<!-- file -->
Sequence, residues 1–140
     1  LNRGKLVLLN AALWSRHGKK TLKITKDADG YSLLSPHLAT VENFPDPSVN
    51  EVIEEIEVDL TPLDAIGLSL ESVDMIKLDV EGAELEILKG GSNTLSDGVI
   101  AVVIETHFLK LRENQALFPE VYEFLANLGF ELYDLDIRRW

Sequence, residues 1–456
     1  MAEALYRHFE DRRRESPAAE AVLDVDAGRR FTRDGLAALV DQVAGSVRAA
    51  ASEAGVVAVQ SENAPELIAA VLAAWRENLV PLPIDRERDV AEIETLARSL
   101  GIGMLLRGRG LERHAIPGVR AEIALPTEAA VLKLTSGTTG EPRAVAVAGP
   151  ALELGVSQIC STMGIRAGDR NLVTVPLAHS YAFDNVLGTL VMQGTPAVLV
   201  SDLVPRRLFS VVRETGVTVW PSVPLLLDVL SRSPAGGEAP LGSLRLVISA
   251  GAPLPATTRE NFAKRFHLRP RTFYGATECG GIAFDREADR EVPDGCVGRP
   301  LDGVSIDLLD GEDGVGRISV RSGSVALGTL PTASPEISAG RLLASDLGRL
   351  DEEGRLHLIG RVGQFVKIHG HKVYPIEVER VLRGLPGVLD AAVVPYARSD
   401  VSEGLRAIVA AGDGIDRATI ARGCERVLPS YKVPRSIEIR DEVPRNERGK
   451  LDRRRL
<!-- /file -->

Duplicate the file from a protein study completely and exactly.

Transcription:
Sequence, residues 1–140
     1  LNRGKLVLLN AALWSRHGKK TLKITKDADG YSLLSPHLAT VENFPDPSVN
    51  EVIEEIEVDL TPLDAIGLSL ESVDMIKLDV EGAELEILKG GSNTLSDGVI
   101  AVVIETHFLK LRENQALFPE VYEFLANLGF ELYDLDIRRW

Sequence, residues 1–456
     1  MAEALYRHFE DRRRESPAAE AVLDVDAGRR FTRDGLAALV DQVAGSVRAA
    51  ASEAGVVAVQ SENAPELIAA VLAAWRENLV PLPIDRERDV AEIETLARSL
   101  GIGMLLRGRG LERHAIPGVR AEIALPTEAA VLKLTSGTTG EPRAVAVAGP
   151  ALELGVSQIC STMGIRAGDR NLVTVPLAHS YAFDNVLGTL VMQGTPAVLV
   201  SDLVPRRLFS VVRETGVTVW PSVPLLLDVL SRSPAGGEAP LGSLRLVISA
   251  GAPLPATTRE NFAKRFHLRP RTFYGATECG GIAFDREADR EVPDGCVGRP
   301  LDGVSIDLLD GEDGVGRISV RSGSVALGTL PTASPEISAG RLLASDLGRL
   351  DEEGRLHLIG RVGQFVKIHG HKVYPIEVER VLRGLPGVLD AAVVPYARSD
   401  VSEGLRAIVA AGDGIDRATI ARGCERVLPS YKVPRSIEIR DEVPRNERGK
   451  LDRRRL